Picturing a fantasy setting might give a person of supposedly sound mind an image which revolves around something that came from the mind, pen, or fever dream of J.R.R. Tolkien, even if the person in question thinks that name belongs to a particularly odd Muppet. Or perhaps the idea is more of some sort of Game involving Thrones. Maybe King Arthur came off his flour bag to do his thing with Merlin or Galahad or people with names way cooler than anyone else you may know, provided you don’t know any chimps of the Link family (though, to be fair, he is a rather secretive chimp).
But fantasy usually just boils down to magic and the supernatural, and if The Ring taught us anything, and it didn’t, it is that magic and the supernatural can exist anywhere, which is where the Urban Fantasy subgenre comes in.
Urban fantasy is more or less what it sounds like: a fantasy of some sort set in an urban setting. When such stories hit the big or small screen, the idea usually goes the route of outright horror, or something more family friendly. Harry Potter could be urban fantasy when he’s not stuck at school, learning nothing that seems particularly useful towards getting a job outside of professional wizard.
Harry wouldn’t do well on the SATs is what I am saying.
On the other end of the spectrum, there’s the worlds of the TV series True Blood or Sleepy Hollow. Both run more towards the scary side, with a high dose of camp. This is the show that showed me how a tall, lanky, blonde guy could also be a sex symbol, so I have Alexander Scarsgaard to thank for that much. Actually, True Blood may have been the best way HBO could think of to deliver thrills of a more adult nature without airing things at 3:00 AM, while also allowing Anna Paquin a chance to keep using her “Southern” accent.
My wife was a little upset to find out HBO’s Cathouse documentary show was not about a house full of cats.
Sleepy Hollow on its own somehow managed to combine the American Revolution, the Book of Revelations, the writings of Washington Irving, and British accents into something that was fast-paced and fun, at least in the first season. It sorta had to be. If the pacing was any slower, the audience might have stopped to think about things a little more deeply. Of course, it was far from the least real show the Fox network has ever aired. Look how many presidents 24 went through,
Look, Sleepy Hollow is fun, but Tom Mison gets asked to say ridiculous sounding things on a regular basis there, so expect a future column to deal with how British accents make ridiculous-sounding things sound plausible to American audiences. Patrick Stewart has done quite well for himself that way.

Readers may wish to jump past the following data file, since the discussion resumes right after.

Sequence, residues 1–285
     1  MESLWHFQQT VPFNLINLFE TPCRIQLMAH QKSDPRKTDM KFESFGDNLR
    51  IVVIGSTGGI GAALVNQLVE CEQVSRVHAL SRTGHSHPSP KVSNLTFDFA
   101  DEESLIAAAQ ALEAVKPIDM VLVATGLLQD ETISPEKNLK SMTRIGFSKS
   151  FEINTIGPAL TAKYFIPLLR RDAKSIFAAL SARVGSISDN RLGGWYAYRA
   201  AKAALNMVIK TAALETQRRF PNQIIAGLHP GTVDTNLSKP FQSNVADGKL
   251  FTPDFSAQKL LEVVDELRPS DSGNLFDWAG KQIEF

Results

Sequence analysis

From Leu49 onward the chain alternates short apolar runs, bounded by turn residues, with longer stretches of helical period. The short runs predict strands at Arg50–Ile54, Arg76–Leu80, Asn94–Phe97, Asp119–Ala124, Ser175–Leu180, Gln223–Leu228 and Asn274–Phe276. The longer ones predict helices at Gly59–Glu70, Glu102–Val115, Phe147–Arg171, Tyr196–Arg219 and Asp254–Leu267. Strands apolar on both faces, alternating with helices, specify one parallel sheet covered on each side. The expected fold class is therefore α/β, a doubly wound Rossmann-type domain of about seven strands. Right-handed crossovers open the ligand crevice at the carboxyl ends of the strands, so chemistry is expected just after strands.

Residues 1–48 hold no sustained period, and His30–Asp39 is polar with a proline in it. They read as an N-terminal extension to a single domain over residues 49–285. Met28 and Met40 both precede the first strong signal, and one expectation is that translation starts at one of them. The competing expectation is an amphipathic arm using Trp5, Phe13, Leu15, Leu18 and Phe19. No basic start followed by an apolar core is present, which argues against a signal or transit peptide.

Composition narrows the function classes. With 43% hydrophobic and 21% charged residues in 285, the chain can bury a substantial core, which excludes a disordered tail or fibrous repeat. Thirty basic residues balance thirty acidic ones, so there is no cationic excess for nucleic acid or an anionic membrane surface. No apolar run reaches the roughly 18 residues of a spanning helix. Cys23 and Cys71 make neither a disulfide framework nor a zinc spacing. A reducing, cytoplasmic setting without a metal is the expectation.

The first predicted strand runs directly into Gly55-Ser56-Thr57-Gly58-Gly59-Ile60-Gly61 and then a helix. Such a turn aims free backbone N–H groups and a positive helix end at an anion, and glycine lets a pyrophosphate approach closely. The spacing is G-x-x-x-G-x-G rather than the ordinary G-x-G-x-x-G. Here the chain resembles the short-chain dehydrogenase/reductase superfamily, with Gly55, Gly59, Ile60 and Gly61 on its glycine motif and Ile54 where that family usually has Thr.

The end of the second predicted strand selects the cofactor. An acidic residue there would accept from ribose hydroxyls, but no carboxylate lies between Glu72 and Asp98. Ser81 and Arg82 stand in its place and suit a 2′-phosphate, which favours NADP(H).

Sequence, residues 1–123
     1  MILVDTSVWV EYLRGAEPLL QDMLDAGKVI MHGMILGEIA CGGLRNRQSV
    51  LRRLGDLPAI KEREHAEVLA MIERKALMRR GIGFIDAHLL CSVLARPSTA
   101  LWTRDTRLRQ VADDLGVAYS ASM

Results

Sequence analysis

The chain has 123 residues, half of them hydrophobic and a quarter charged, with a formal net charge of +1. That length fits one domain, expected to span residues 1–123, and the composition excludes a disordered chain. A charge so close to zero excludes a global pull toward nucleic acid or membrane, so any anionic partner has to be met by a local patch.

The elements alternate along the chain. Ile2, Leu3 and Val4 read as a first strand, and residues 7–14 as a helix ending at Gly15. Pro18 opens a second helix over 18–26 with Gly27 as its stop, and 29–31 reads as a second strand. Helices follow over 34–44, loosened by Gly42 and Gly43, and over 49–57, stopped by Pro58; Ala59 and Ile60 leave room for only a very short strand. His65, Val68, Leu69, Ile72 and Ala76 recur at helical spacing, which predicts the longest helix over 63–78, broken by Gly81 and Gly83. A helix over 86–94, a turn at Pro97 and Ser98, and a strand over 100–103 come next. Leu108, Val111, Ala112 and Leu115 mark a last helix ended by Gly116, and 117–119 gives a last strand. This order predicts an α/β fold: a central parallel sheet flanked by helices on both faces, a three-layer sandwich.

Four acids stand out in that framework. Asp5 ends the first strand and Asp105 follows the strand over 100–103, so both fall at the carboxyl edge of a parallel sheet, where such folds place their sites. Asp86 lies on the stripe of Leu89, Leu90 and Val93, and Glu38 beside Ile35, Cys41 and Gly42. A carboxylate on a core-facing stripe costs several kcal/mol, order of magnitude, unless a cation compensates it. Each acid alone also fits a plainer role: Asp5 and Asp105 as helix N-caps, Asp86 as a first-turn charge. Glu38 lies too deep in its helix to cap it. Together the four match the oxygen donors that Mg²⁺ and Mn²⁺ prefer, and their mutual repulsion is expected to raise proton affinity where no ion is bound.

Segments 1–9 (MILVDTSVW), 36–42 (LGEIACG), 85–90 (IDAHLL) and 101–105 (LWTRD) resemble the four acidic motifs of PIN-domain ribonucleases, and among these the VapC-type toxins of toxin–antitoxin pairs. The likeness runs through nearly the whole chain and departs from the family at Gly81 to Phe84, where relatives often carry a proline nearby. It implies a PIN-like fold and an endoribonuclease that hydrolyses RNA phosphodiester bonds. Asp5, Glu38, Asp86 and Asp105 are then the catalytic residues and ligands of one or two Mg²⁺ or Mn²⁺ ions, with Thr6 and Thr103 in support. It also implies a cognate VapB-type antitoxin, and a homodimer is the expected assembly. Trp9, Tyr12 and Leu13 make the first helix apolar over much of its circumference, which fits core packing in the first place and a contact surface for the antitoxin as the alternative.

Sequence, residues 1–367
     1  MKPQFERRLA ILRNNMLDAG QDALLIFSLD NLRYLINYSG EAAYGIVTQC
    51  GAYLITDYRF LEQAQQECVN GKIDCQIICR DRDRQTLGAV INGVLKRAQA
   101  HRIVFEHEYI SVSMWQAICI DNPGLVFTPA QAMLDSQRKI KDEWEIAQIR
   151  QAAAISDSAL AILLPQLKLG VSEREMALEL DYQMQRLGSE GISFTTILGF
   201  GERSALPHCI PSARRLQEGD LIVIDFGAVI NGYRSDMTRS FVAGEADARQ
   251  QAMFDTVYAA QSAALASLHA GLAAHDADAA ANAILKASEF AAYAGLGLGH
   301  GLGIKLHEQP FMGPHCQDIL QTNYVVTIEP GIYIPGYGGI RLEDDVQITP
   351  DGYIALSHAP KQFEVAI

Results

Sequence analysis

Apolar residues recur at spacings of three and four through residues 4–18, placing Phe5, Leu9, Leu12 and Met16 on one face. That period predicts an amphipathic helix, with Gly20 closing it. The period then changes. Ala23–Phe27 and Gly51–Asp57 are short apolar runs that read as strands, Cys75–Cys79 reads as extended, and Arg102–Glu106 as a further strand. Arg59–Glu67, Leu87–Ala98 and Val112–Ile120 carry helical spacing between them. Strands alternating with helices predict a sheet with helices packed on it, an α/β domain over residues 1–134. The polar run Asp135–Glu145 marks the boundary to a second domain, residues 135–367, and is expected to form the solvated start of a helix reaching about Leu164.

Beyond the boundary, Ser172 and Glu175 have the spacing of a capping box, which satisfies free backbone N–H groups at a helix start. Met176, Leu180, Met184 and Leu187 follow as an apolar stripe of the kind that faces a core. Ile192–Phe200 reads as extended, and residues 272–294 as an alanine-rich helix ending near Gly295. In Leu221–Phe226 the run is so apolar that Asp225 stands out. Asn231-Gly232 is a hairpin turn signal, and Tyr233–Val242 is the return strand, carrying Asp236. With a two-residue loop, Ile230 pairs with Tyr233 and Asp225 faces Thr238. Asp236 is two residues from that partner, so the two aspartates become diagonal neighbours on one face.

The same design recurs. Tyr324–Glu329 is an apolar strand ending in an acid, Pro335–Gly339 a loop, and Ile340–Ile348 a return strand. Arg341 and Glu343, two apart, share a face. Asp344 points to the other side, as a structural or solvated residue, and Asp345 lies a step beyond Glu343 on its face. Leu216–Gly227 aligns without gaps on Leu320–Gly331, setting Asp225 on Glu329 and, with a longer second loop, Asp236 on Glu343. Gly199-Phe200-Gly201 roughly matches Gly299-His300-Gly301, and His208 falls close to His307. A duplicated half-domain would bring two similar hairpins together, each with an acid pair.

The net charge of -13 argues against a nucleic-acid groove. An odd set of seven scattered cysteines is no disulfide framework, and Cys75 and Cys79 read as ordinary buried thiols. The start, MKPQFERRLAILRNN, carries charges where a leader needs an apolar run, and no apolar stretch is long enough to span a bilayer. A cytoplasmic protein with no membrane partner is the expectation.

But the real way to see Urban Fantasy may be through books. Book series can get away with a lot that a special effects budget doesn’t have to limit, provided the author can describe things well enough for the average reader. While Harry Dresden may be the best know guy to slip into the wardrobe of John Constantine crossed with The Matrix. Face it, if you ran into a guy who dressed like an urban wizard in real life, you’d probably want to punch him out.
I got to thinking about this while reading the first in a new series, Stephen Blackmoore’s Dead Things, introducing necromancer hero Eric Carter. I probably would have finished it by now if my Kindle didn’t need charging.
So, with that in mind, let’s just get some rules down for the next enterprising author looking to add to this extremely fun (when done right) genre.
- Pick your setting. Making it a real world city you, the author, know well, probably helps.
- How much magic is public knowledge? Some magic users work in secret. Some are public. Why? Is it because of external factors, like the Southern Vampires Sookie Stackhouse knows, or the residents of The Hollows know as backstory? Is it because telling people just causes more problems than solutions, like it is for Daniel Faust? Or is it just people don’t really believe anything that’s said, even when Harry Dresden tries to tell people he really is a wizard.
- What supernaturals are around? Sorcerers? Vampires? Werechickens? Miniature Balrogs?
- What are the rules? All settings have rules, even ones based on reality. Establish your rules and don’t break ’em. If no one can lift Thor’s hammer without being worthy, then no one can lift Thor’s hammer without being worthy, Red Hulk!
- Make the characters sweat. Magic is no excuse for making things easy. One book series I work through on occasion is the Iron Druid series, and that guy never seems to be in any real danger, no matter how much he says he is.
So, some fun series I would give a thumb’s up to? The Dresden Files by Jim Butcher. The aforementioned Eric Carter books if the sequels hold up as well as the first one. Mike Carey’s Felix Castor novels make great use of London, and has one of the creepiest werecreatures ever. Craig Schaefer’s Daniel Faust books make a lot of use out of a bureaucratic hell, and the adventures tend to fly by on pure adrenaline. Benedict Jacka’s Alex Verus has one magical ability, to see the future, and he makes awesome use out of it. Kim Harrison’s Rachel Morgan may be one of the few women who have a lead role and don’t seem to spend a lot of time worrying over a love interest. And the Twilight books are awful and should not be read by anybody.
Geek entertainment has come a long way. It’s probably only a matter of time before more of this starts to filter off the page and onto the screen. If so, just cast Benedict Cumberbatch in some way, because mentioning him in no way will increase my page views here.